Following are summaries of some of the main stories in a selection of Lebanese newspapers Monday. The Daily Star cannot vouch for the accuracy of these reports.
Meeting at Parliament office ... another to discuss electricity-generating ships
Rotten food includes fish and cheese
Each time pressing issues come to the forefront, enthusiasm to deal with the problems dwindles and disputes erupt, even though the pressing issues concern all the Lebanese be it government overspending, power rationing or appointments to senior public positions – judiciary as well as academic and diplomatic posts.
Nevertheless, all these issues will be discussed during separate meetings Monday at the Grand Serail, Nijmeh Square, Baabda Palace and even the Education Ministry.
Mikati to As-Safir: Issues should be dealt with quietly
Maritime oil opens a diplomatic battle
Raad to As-Safir: We will not let Israel take away our rights
Political consultations to launch inclusive government operations have stepped up, most notably a meeting between Parliament Speaker Nabih Berri and Prime Minister Najib Mikati late Saturday.
The meeting came after Berri warned [Friday] that he would hold the government accountable unless a decree to manage the oil sector and begin drawing tenders was issued before the end of March.
In response to a question about the ongoing political bickering, Mikati told As-Safir: “There isn’t much that is new regarding political statements. There is no use in escalating [the situation]. We can deal with and solve issues quietly.”
13,000 Syrian refugees and no relief aid after March 23
Cohen in Beirut Tuesday to further tighten noose on Syria
The government is in need of a strong dose of support in order to approve several administrative and diplomatic appointments during a Cabinet meeting scheduled for Wednesday, something that so far seems far-fetched.
Meanwhile, the spoiled food scandal continued to grow, the latest development being the discovery Sunday of 1.5 tons of rotten fish in a garbage dump in the southern town of Ansarieh.
However, the rotten food issue, as well as extra-budgetary spending, does not embarrass the government in terms of international ties as much as financial dealings [with Syria].
The issue of financial dealings will be addressed during talks with U.S. Under Secretary for Terrorism and Financial Intelligence David Cohen who is scheduled to arrive in Beirut Tuesday.
Hezbollah, Amal Movement launch campaign to defend Lebanese Army
Last week witnessed the discovery by Lebanese Army servicemen of a Salafist network with connections to several soldiers. This achievement has had a political impact on both March 14 and March 8 forces.
Several Future bloc lawmakers have said the announcement was not well-timed, adding that the revelation had to do with developments in Syria.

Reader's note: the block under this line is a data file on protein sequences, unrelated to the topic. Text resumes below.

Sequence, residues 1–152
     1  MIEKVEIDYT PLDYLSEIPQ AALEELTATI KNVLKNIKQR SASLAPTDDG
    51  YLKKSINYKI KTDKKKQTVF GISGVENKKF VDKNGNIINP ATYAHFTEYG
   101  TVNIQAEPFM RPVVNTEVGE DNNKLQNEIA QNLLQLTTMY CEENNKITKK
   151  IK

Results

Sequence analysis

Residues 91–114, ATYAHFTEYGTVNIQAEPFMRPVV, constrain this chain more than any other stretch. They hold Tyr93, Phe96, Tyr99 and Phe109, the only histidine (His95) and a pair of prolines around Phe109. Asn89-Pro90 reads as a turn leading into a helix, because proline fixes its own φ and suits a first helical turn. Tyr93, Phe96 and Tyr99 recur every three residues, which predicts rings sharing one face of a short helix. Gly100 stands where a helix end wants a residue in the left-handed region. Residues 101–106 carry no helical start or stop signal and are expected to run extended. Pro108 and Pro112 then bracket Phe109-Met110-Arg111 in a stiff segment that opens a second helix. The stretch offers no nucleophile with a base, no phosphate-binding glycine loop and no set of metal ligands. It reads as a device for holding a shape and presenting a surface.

This attack by some of the opposition forces prompted MPs from Hezbollah and the Amal Movement to launch a campaign to defend the Lebanese Army.
Third tender for leasing electricity-generated ships to be discussed today
The issue of leasing electricity-generating ships is expected to be referred Monday by the Grand Serail to Cabinet for approval after several tenders have been offered.
The ministerial committee in charge of this issue will meet at the Grand Serail under Prime Minister Najib Mikati Tuesday following a hiatus lasting several weeks.
Baabda Palace wants to turn Lady Day [marking the Feast of the Annunciation] into a national occasion
Stances on Syria deepen government rift
Baabda Palace wants to turn Lady Day into a national occasion Sunday in which Arab and European politicians and religious figures would take part.
Lebanon will be busy this week with committee meetings and other sessions as Parliament will continue to hold legislative sessions in which issues such as transportation allowance and education grants will be discussed.
If statements by the majority camp have openly hinted at a “solution” to the overspending issue, positions vis-a-vis Syria by the same forces have reflected a deepening rift between them which threatens to shake the Cabinet.
In this regard, member of the Development and Liberation bloc MP Michel Musa said in an interview with Future television that what happened in Mukhtara in the presence of Nahas [his attendance of a ceremony in support of the Syrian uprising] "should be dealt with inside the government as there are different points of view.”
“The government has adopted a disassociation policy, and Nahas should have pulled out [of the ceremony]. This issue should be studied and discussed in Cabinet,” Musa said.